this settled briefly on Ivy and was out of reach..
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Looking at my quadrifasciatus specimens, none have such an apparently yellow top to the head, nor a yellow scutellum. I don't know Conops ceriaeformis, nor the two Leopoldius, but you might want to have a look at those.
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ok thanks, I was a bit baffled by the scutellum. I'll look those up. Perhaps making up for a missed rostrata after all then..
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this seems a fair shot, unless there are others to look at too. Perhaps worth looking for again as it's close by.
I've a specimen from 5 miles north-west of here but lacking the extra yellow on the head you noted with this observation. I've read that it's a good family for beginners, and have pored over the keys repeatedly, but don't really have anything to compare with - as a start would the simple absence of the long, level proboscis be enough to rule out a Conops?
Yes...definitely, assuming it is very short indeed.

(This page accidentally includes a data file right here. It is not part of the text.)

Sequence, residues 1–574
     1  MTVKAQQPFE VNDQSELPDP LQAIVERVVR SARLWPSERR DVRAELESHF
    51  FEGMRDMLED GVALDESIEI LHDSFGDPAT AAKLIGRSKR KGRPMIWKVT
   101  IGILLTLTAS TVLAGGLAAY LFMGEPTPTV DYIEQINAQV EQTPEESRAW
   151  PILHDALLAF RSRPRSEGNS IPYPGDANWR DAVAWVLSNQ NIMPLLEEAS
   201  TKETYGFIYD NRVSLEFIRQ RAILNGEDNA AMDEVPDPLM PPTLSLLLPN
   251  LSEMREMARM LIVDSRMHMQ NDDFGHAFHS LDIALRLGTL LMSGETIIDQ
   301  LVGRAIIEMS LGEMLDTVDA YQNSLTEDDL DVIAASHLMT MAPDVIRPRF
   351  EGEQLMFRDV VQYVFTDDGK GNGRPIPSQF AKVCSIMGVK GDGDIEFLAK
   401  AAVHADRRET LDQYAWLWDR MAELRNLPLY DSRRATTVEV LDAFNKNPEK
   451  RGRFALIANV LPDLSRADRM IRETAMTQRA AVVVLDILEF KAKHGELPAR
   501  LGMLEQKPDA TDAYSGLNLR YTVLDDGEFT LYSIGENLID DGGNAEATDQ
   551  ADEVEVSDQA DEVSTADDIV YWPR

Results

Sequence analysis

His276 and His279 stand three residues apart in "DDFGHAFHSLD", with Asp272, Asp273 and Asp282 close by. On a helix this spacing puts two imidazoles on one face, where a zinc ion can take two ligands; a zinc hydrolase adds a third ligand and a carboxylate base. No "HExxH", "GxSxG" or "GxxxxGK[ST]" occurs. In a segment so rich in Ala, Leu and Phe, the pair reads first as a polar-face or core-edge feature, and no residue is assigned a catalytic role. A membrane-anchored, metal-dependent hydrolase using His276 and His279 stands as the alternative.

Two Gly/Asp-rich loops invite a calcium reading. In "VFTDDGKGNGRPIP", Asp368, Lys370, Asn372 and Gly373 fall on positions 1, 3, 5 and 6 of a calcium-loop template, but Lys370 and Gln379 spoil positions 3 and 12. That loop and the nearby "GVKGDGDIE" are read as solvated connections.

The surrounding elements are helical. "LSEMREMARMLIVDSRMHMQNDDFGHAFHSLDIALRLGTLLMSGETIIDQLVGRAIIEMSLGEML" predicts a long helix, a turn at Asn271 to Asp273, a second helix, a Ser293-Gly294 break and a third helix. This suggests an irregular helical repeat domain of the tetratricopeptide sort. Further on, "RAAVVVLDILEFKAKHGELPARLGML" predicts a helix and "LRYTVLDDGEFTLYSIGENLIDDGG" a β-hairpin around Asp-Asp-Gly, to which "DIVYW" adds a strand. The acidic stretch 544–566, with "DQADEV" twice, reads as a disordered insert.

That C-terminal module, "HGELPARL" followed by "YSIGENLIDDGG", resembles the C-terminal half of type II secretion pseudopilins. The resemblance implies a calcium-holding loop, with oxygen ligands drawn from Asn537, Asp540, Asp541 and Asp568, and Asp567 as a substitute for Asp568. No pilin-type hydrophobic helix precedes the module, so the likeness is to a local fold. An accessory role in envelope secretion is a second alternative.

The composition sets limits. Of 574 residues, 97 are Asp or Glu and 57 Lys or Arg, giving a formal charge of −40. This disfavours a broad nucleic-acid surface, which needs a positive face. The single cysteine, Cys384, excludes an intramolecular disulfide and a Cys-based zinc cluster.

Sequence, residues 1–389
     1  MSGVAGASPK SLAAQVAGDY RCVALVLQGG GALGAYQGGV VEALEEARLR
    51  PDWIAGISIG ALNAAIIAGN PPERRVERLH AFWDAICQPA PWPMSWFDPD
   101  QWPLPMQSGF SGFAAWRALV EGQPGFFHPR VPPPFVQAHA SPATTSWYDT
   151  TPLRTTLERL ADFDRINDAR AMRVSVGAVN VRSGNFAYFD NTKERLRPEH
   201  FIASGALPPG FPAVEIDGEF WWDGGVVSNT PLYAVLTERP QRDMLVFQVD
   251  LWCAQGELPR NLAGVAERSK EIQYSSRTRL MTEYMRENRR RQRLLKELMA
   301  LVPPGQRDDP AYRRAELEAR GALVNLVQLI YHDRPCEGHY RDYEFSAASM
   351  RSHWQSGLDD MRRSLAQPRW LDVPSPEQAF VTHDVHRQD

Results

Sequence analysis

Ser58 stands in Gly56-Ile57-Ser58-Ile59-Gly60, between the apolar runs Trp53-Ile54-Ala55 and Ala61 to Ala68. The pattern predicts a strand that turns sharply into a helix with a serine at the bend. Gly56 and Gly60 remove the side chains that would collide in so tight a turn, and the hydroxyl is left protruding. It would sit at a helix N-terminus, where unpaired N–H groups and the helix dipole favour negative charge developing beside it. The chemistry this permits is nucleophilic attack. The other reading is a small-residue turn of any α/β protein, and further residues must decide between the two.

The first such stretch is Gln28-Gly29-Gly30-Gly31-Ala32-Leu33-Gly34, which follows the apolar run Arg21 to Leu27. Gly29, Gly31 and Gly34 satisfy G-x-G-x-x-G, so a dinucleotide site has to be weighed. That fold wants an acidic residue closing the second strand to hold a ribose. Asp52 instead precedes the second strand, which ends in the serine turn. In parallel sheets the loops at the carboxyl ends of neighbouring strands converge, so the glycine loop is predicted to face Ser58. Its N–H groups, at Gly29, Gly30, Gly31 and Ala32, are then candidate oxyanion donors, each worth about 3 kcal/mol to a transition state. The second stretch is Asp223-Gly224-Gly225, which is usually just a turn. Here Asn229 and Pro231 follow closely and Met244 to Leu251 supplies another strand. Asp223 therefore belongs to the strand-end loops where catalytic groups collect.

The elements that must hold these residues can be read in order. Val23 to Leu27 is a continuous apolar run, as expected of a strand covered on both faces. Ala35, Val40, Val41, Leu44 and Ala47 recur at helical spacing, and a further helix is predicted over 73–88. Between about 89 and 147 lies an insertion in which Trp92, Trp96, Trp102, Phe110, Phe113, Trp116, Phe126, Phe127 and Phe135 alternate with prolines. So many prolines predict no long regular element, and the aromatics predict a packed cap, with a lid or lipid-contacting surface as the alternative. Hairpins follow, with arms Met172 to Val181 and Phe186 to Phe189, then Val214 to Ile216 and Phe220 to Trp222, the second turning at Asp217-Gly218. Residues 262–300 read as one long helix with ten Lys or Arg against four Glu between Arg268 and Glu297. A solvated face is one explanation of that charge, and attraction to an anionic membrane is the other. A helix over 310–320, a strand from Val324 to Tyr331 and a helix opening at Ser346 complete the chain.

I have taken a big interest in Conopidae local to me the last few years, but I don't have the variety of species which you have down there, so can't help with Leopoldius, for example.
If David Clements says probably brevirostris for this...I ain't going to argue with him!
I have found that while they are okay as a family, Conopidae are not as easy as some would suggest and that getting specimens for comparison is important. If you are finding these tough, wait 'til the spring when you start finding some of the Myopa on Sallows...they can be tricky! The further problem with them all is that you only ever find the odd specimen...so getting reference material can take some time.
Exciting flies...I love them.
From Dave Clements' email response after viewing this observation:
"..it is a feature of brevirostris females that the abdomen on dorsal view trypically contracts sharply after the 5th tergite, which it appears to do in these photos."
Thanks for that...a useful pointer.
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